Lupul ( Canis lupus )
What does the wolf look like?
The wolf, scientifically called Canis lupus, is an animal from the Canidae family, which also
includes the dog, the fox, the jackal and the raccoon.
The wolf has a slender body, up to 1.5 m long, plus a tail of about 0.8 m. Weight is variable,
usually between 30 and 50 kg, but in some cases exceeding 70 kg.
The wolf fur is gray-brown in color with multiple variations.
In the temperate zones, the wolf has a summer "coat", darker in color, and a winter one, lighter, in order to be able to hide and camouflage in the woods, thus being more difficult to be spotted by the prey and therefore being able to hunt more easily. They change their fur by molting, 2 times a year. Statistics indicate a stable population of 2,500 to 2,900 wolves, spread in areas of high hills and low mountains throughout the Carpathian range. The average density on the territory of Romania is 1.95 wolves per 100 km2.
The life expectancy of the wolf is 15 years.
Where does the wolf live?
Many years ago, the wolf was one of the most common wild animals in Romania and could
be found in all areas of the country. Now wolves can only be found within the mountain areas and they very rarely go down into dense forests.
Wolves are territorial animals, they organize and live in packs, with a strict hierarchy. This is like a family with several members (4-6 specimens): a leading pair and its cubs – the
newborns and young specimens that stay in the pack and help watch over the little ones.
This form of organization helps them defend themselves, take care of each other and hunt.
The male is in charge of getting food. Wolves look for a mate for life and usually have only
one mate (they are monogamous).
What does the wolf eat?
Wolves are carnivores, but they can diversify their food. Hunting in packs they kill deer,
stags, alpine chamoises or sheep, cows, horses and dogs. During the spring, the wolves
tend to hunt fawns, lambs and other young animals. In Romania, the most important food
source for wolves is the deer.
Wolves also eat the remains of dead animals that they did not hunt. They may also eat other
animals such as wild boars, rabbits and other small rodents, insects, earthworms, garbage
and, especially when hungry, blueberries, blackberries and other vegetables.
Grazing domestic animals are easy prey for wolves. When they reach a pasture, wolves kill
more grazing animals, because the fenced area permanently awakens the wolves hunting instinct.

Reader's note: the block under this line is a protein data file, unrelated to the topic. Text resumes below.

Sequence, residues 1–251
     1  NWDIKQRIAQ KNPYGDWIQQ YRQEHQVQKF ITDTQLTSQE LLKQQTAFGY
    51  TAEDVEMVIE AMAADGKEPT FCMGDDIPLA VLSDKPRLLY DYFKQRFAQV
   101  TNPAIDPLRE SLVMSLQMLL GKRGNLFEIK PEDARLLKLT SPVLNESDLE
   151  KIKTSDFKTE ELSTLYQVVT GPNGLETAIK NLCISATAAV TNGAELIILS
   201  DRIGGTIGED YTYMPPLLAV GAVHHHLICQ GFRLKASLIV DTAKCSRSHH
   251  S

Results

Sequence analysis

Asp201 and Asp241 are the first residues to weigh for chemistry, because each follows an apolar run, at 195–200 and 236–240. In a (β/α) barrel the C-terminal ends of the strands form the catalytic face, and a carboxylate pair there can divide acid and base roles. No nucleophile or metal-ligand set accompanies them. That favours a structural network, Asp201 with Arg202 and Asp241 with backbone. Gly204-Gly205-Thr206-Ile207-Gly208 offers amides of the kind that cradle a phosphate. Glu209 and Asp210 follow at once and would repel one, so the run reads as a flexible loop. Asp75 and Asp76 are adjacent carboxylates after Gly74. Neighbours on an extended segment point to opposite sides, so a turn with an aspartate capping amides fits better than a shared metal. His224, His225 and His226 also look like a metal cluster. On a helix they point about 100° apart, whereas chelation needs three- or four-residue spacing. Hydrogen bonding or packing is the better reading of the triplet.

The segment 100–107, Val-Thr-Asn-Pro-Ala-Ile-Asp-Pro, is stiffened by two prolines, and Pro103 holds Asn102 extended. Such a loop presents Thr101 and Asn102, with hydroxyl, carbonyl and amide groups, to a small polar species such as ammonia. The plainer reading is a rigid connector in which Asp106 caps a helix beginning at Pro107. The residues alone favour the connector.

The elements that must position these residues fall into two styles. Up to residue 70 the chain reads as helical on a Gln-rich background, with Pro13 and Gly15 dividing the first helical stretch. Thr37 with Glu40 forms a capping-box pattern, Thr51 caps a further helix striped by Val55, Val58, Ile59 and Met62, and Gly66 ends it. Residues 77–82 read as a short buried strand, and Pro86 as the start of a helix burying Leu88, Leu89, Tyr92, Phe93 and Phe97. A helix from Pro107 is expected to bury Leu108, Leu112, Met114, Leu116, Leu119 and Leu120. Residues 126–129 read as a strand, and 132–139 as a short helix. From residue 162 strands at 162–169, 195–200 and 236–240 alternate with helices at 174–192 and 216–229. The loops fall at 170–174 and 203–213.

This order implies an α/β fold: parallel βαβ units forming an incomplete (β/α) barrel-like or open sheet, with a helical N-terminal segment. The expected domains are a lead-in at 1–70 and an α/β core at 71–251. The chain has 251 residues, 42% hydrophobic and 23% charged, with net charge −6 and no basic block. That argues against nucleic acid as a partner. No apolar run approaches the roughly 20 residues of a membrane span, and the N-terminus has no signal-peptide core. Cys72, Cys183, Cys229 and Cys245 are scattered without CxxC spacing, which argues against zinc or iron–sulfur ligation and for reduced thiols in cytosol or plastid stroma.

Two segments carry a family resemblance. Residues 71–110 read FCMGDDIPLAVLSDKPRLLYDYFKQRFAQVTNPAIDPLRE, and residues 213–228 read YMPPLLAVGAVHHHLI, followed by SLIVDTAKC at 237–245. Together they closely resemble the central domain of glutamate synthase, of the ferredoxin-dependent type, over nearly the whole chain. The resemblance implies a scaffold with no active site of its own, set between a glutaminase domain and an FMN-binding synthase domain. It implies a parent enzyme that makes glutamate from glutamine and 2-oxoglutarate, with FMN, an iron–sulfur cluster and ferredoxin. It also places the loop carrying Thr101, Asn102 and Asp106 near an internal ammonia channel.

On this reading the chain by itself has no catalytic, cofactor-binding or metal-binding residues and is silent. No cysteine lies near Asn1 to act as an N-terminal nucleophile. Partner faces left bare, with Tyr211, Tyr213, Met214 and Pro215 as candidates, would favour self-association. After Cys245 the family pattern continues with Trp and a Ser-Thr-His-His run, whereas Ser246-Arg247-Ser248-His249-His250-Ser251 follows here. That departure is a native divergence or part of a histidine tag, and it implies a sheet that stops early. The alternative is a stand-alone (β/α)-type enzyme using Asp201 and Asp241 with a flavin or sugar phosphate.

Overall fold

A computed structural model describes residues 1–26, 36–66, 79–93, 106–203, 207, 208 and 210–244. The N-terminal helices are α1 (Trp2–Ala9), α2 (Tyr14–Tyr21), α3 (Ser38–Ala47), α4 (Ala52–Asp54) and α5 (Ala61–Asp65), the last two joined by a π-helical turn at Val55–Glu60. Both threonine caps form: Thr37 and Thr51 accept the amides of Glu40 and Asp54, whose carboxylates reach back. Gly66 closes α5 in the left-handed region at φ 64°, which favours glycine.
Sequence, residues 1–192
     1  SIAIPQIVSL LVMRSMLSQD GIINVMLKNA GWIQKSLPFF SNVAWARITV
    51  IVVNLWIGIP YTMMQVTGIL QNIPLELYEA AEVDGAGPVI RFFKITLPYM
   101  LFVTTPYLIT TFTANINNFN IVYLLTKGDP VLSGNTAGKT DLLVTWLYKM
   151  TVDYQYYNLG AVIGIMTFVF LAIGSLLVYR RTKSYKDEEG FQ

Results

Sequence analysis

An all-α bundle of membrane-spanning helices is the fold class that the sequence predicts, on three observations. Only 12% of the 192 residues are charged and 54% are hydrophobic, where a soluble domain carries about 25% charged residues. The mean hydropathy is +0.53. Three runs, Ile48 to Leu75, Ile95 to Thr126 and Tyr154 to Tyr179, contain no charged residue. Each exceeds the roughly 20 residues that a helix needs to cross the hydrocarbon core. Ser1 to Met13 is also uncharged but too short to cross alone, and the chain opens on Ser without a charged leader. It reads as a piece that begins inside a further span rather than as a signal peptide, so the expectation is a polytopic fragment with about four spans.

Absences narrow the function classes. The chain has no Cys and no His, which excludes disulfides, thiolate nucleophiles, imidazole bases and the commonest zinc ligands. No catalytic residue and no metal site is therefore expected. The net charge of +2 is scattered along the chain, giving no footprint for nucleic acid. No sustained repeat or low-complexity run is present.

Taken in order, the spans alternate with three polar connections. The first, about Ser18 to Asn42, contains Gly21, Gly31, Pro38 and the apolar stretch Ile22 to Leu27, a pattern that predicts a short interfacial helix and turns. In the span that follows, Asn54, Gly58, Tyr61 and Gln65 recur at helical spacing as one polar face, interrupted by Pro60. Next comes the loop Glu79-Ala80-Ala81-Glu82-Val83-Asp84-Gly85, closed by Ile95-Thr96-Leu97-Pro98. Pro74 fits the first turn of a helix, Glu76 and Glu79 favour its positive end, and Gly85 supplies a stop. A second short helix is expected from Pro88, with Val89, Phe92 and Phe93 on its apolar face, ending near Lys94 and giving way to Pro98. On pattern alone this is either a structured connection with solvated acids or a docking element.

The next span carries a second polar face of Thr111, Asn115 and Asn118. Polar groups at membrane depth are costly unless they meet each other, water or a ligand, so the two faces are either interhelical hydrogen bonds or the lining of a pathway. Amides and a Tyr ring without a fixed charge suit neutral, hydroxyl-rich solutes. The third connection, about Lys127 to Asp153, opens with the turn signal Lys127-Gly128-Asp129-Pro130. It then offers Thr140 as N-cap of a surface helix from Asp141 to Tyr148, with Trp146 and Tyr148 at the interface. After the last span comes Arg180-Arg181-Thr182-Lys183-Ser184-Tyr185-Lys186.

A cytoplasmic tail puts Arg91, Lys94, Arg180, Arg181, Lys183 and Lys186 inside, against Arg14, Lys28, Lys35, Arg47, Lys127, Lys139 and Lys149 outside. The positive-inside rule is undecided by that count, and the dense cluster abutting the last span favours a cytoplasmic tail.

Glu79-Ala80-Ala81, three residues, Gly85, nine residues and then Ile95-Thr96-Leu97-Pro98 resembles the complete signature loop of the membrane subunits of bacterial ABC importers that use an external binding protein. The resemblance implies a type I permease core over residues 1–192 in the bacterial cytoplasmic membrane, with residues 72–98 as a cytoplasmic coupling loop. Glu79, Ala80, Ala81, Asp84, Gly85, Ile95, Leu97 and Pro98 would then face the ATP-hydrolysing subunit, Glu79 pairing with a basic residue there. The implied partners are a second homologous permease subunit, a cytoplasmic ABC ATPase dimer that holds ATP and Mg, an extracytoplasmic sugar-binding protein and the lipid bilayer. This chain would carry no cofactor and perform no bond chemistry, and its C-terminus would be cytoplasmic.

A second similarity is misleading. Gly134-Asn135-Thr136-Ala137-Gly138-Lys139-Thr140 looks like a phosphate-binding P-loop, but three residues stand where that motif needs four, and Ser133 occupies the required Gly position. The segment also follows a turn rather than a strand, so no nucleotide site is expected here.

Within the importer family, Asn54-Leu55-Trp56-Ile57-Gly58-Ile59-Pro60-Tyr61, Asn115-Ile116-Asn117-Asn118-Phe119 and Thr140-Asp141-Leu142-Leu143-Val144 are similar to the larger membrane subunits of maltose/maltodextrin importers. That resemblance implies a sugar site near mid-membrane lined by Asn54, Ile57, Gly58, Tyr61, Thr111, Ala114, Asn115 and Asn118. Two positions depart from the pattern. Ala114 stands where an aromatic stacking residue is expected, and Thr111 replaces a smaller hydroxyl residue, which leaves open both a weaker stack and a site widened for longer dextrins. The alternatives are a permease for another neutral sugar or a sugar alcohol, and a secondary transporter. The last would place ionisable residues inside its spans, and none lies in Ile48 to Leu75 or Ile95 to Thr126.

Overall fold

Curiosities about the wolf
Since ancient times, the wolf has been a symbol of intelligence and resistance, while
numerous Romanian traditions and customs have been linked to coexistence with
this remarkable carnivore.
● The wolves' physical features are impressive to say the least. In search of food, they
can travel over 100 km in a single night (the distance from Bucharest to Campina).
The running speed of the wolf can exceed 60 km/hour (faster than a car that moves
at the legal speed, within a city).
● This animal has a great resistance to pain and great courage in battle. More than
physical performance, the wolf also has a remarkable intelligence.
● In Europe, attacks by wolves have only occurred in exceptional situations, through
habituation too close to humans or in cases of rabies.
● As with any other wild animal, the encounter with the wolf is rare and to be avoided.
Interesting facts to know about the wolf:
● Despite a fairly large existing population in Romania (2500-2900 specimens), the
species is threatened by the extension of human settlements within its natural
habitat, by deforestation and infrastructure works that fragment the forests, by
poaching and even by the presence of stray & wild dogs in the natural habitats.
● The wolf has a very important role in the natural ecosystem: he is a true health
worker of the forest – eliminating the old, sick and underperforming individuals from
the species he hunts, contributing to natural selection and maintaining the strength of
prey animal populations
● For the Romanian people, the wolf has a special significance, being extremely
present in mythology and folklore: from fairy tales, to symbolism and proverbs.